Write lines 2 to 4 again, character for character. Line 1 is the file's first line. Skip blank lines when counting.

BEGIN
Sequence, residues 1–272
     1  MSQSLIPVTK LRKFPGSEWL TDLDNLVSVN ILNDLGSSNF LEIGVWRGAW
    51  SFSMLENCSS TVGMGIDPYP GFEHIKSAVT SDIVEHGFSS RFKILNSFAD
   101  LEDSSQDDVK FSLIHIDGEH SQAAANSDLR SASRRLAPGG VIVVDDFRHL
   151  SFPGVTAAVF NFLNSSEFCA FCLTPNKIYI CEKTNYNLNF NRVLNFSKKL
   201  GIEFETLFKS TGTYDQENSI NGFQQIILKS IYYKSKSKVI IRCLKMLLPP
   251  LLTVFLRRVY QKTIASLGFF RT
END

     1  MSQSLIPVTK LRKFPGSEWL TDLDNLVSVN ILNDLGSSNF LEIGVWRGAW
    51  SFSMLENCSS TVGMGIDPYP GFEHIKSAVT SDIVEHGFSS RFKILNSFAD
   101  LEDSSQDDVK FSLIHIDGEH SQAAANSDLR SASRRLAPGG VIVVDDFRHL